An outdoor laboratory

JMS students are testing elements of area watershed

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When Mona Davies heard a student question disbelievingly that there would be enough to do during three days of outdoor school, a lightbulb went off.

“I was surprised, and the statement made me realize how much time kids were spending inside, or in the car, than outside,” she said. “I try to promote the outdoors as much as possible.”

The Jemtegaard Middle School sixth-grade science teacher decided that more outdoor study time was needed than three days at the end of the school year.

“I enjoy the outdoors and spend as much time outside as possible, and in the past few years have realized how important being outside is to our health.”

Davies decided to utilize nearby Gibbons Creek, so that the students could conduct a year-long study observing the changes in the landscape over time due to weathering, erosion and decomposition.

“We are lucky to have Gibbons Creek on our campus,” she said. “We use the area to make observations and inferences…It has given students the opportunity to determine the health of the watershed.”

Five to seven students will present their findings at the annual Clark County Watershed Conference on Friday, May 20.

Watershed Congress is the culmination of the Watershed Monitoring Network, sponsored by the City of Vancouver and the Clark County Environmental Services Clean Water Program.

Each year, the network supports more than 3,000 students from 25 Clark County schools, who monitor neighborhood streams, rivers, wetlands and bioswales.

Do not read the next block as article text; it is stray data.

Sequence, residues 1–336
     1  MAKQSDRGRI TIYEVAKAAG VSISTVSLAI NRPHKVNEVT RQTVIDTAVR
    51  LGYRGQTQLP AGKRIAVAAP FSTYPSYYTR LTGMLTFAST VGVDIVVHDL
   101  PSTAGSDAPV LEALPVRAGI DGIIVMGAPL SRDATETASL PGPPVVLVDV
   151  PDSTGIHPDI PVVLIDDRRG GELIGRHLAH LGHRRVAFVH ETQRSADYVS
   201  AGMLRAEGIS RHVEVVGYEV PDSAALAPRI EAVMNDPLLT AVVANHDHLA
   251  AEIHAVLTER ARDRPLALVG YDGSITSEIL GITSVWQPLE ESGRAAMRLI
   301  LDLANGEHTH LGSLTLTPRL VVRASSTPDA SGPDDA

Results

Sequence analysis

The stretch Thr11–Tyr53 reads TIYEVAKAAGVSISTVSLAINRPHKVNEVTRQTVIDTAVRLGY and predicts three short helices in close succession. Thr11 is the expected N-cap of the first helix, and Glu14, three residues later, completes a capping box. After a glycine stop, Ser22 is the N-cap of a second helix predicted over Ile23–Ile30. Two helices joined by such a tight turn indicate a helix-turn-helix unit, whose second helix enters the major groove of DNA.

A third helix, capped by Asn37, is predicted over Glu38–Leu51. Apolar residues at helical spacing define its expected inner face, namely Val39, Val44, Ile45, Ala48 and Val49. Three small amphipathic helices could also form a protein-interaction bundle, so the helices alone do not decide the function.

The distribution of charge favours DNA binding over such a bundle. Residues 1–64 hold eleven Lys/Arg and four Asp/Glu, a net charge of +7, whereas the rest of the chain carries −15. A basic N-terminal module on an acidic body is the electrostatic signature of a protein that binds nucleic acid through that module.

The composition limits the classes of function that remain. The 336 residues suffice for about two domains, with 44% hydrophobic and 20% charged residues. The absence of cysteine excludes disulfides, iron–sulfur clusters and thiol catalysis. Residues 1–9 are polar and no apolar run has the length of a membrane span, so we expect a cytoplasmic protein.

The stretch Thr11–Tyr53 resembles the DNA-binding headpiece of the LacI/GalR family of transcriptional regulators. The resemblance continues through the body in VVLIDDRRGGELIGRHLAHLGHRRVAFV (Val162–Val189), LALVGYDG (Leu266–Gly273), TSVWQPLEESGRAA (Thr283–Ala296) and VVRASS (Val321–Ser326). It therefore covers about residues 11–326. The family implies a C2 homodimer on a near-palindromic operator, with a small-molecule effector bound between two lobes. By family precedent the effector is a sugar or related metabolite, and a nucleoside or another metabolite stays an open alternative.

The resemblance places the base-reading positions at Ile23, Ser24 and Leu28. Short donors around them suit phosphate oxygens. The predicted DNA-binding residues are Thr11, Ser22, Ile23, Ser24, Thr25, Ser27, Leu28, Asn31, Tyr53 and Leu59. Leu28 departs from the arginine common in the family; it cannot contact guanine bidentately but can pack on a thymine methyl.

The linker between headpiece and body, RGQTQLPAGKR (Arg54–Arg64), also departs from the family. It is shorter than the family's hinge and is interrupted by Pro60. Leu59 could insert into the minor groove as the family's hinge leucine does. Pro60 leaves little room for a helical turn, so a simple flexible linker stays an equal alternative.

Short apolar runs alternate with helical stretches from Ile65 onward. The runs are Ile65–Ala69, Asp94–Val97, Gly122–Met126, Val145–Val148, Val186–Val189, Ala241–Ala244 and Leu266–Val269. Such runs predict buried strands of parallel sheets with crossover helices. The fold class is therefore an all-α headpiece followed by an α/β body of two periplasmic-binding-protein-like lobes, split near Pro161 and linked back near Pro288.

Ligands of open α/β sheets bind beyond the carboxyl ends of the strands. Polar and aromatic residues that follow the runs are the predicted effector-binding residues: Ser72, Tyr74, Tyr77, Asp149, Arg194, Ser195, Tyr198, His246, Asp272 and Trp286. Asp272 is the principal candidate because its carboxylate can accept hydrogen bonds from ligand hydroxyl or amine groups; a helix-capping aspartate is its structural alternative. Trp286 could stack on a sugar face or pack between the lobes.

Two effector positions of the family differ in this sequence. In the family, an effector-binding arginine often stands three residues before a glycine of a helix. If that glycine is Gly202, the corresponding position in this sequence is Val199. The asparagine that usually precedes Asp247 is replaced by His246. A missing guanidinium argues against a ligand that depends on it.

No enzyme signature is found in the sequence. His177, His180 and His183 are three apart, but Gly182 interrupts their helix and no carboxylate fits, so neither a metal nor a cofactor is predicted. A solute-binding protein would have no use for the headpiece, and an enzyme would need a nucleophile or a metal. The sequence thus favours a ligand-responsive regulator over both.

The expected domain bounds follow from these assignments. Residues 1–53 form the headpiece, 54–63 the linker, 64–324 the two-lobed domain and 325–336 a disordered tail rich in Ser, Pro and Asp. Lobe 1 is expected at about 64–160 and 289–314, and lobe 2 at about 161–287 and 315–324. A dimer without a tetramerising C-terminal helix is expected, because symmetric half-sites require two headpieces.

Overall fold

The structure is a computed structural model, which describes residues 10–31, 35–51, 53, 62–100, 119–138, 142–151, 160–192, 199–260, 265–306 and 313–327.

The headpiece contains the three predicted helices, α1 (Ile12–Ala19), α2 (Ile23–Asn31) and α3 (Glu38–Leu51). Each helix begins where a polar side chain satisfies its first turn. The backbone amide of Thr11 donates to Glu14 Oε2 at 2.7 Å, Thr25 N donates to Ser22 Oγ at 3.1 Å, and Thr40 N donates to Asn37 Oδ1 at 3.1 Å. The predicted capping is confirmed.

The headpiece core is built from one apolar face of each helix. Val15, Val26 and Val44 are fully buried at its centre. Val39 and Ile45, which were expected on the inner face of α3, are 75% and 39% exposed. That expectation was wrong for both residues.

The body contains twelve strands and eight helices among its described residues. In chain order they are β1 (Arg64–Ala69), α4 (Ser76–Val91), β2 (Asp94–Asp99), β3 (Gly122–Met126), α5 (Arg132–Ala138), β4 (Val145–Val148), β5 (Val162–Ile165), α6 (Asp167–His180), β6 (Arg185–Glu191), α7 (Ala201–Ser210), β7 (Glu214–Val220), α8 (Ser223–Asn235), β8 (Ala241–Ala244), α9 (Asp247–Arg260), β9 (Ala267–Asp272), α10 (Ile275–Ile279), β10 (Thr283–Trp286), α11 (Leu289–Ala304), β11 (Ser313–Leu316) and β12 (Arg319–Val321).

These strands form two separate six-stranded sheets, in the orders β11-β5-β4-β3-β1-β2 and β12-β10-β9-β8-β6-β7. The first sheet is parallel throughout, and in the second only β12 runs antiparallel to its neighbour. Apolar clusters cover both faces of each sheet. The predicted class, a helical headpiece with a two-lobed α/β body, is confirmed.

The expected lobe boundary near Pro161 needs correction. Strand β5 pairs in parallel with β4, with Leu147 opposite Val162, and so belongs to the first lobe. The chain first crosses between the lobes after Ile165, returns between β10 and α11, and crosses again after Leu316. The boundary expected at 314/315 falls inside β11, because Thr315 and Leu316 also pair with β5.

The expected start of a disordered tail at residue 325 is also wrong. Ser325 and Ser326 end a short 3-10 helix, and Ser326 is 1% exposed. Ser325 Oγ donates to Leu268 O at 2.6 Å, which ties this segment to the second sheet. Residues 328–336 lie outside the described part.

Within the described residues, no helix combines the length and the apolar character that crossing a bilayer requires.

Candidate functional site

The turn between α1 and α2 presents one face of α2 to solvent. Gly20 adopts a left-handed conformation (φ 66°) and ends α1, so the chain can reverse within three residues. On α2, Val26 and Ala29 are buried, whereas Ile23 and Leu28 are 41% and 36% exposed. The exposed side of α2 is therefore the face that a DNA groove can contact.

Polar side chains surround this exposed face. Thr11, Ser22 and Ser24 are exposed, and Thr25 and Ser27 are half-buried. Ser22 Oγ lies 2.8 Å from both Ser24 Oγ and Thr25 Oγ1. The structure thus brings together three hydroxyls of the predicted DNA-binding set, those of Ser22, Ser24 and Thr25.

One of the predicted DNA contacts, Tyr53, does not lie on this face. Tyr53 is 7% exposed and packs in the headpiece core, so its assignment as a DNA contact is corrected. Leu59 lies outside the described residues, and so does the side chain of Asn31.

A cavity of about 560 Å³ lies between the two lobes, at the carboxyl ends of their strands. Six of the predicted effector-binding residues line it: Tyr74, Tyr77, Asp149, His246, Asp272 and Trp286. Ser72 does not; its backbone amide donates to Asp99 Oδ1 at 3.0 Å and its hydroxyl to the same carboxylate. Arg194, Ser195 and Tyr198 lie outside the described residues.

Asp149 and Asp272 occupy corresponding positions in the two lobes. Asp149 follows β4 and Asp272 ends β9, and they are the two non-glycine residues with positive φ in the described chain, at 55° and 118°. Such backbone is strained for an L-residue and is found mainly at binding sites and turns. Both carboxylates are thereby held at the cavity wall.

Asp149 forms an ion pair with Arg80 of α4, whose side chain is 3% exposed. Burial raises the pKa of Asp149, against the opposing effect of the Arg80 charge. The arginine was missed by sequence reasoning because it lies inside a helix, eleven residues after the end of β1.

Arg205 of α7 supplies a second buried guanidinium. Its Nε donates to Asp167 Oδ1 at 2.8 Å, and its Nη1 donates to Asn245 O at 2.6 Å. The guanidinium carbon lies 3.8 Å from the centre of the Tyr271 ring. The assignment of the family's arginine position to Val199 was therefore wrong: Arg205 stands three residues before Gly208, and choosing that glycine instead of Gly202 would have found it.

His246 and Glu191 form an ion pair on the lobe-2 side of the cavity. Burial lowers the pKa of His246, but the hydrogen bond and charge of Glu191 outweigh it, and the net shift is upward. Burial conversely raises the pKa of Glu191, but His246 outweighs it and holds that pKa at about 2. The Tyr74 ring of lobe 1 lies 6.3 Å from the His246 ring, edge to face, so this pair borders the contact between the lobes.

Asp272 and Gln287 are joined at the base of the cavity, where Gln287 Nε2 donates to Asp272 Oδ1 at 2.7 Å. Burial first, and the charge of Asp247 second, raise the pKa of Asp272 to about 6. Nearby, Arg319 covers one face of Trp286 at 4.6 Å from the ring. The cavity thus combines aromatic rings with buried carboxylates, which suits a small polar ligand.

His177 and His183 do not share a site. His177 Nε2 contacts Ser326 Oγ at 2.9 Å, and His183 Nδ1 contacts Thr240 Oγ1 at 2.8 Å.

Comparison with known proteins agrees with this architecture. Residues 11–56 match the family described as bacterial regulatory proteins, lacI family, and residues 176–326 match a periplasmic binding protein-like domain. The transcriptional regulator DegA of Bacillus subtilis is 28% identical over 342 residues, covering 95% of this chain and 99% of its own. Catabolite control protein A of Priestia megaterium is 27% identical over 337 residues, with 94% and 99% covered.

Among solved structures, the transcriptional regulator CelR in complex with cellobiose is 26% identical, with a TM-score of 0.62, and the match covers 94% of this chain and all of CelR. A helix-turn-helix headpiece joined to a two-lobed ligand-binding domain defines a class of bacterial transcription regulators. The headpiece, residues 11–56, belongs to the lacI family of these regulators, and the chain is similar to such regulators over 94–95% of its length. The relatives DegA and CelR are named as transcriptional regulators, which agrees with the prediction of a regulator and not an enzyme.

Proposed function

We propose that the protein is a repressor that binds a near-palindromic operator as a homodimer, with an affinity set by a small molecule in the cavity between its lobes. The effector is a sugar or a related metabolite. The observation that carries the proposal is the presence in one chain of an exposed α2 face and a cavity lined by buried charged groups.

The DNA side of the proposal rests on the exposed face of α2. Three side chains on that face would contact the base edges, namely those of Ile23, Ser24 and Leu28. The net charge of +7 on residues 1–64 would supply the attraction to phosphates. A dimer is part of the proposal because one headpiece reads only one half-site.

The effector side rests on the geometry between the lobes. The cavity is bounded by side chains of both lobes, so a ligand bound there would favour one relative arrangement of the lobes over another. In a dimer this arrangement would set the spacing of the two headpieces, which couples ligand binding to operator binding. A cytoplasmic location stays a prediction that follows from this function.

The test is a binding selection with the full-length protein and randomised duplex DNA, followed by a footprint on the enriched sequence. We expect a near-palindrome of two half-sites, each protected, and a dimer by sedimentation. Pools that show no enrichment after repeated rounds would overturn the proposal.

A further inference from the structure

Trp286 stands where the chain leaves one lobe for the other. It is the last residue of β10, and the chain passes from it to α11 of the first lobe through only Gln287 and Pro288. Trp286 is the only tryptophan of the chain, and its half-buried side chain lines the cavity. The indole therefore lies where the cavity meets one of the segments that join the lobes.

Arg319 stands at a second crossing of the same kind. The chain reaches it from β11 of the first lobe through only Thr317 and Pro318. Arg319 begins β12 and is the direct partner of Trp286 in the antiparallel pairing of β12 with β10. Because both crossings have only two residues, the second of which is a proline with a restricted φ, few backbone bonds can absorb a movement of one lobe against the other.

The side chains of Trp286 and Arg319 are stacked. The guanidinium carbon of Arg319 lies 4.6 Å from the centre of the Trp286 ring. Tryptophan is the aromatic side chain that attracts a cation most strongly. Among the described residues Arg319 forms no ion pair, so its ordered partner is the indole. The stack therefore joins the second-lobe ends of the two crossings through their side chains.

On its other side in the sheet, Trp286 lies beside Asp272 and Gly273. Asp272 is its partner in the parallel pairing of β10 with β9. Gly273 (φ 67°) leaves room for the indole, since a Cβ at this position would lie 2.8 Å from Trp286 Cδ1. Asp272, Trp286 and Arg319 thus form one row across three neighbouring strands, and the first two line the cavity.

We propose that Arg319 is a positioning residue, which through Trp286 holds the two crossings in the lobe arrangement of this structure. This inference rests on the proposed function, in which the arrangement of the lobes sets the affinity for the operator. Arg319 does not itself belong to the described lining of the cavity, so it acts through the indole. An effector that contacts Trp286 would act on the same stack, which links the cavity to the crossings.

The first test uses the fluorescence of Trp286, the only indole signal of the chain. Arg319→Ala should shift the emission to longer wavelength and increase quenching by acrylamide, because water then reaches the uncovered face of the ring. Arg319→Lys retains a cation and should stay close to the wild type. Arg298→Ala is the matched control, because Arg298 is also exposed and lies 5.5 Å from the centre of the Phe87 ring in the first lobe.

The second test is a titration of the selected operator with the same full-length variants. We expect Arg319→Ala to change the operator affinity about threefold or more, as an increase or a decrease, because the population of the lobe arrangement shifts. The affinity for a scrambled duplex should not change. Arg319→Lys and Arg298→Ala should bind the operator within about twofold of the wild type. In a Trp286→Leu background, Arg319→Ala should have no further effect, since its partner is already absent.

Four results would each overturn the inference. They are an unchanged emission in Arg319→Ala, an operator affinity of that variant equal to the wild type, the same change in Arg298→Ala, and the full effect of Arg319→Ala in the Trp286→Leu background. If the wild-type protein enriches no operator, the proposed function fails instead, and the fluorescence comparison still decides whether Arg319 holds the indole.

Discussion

The JMS students are monitoring the watershed for phosphates, nitrates, turbidity, dissolved oxygen, pH, temperature and macro invertebrates.

“The biggest benefit is for students to realize change can occur over time, and humans can impact the change, as well as natural weather events,” Davies said. “The impact humans and nature have on the environment is important for kids to realize, because they can control human impact (to a degree). We will talk about weather in more detail, and climate change, over the next month.”

At Watershed Congress, students present their water monitoring findings, and engage in problem-solving sessions with other students and interested educators, community members and professionals.

The focus is on education, discovery and stewardship, and involves students ranging from kindergartners to 12th-graders.

In addition to the Watershed Congress event, students will travel to Bonneville Dam and compare data there to what they have collected at Gibbons Creek.

On a recent Tuesday, students braved mud and steady rain to collect data and make observations. After being given reminders such as, “no pushing into the creek,” “be careful not to slide in the mud,” and “listen to each other,” they split off into small groups to begin their work. Excited chatter could be heard occasionally, but for the most part, students took their research duties very seriously.

Adamaris Castro-Coca, Lauren Rabus and Jonah Powell measured the water temperature.

“It’s nice to get to do something instead of just sitting inside all day,” said Castro-Coca.

Added Rabus, “I enjoy doing the different tests, and having a local creek nearby. It’s been very interesting to see how it changes over the year.”

Powell was surprised to discover how clean the water is at the creek.

“You can’t drink it, but it’s clean enough to swim in,” he said. “That was an interesting fact to learn.”

Danielle Melton and her group tested nitrate levels.

“Getting to be out in nature is great,” she said. “We have learned by testing turbidity that the water is lighter the lower it is.”

Davies noted that the emphasis on technology in education doesn’t replace the great outdoors.

“I feel it is important to get kids outside and interacting with nature,” she said. I enjoy the challenge of getting kids who ‘don’t like science’ to realize science is a part of everything.”

She continued, “Student learning thrives when we are outside. Some even become better students when we are outside. Participation improves, questions are asked, observations and inferences are made. Learning improves when students can make personal connections, and there are not many who do not like to be outside.”

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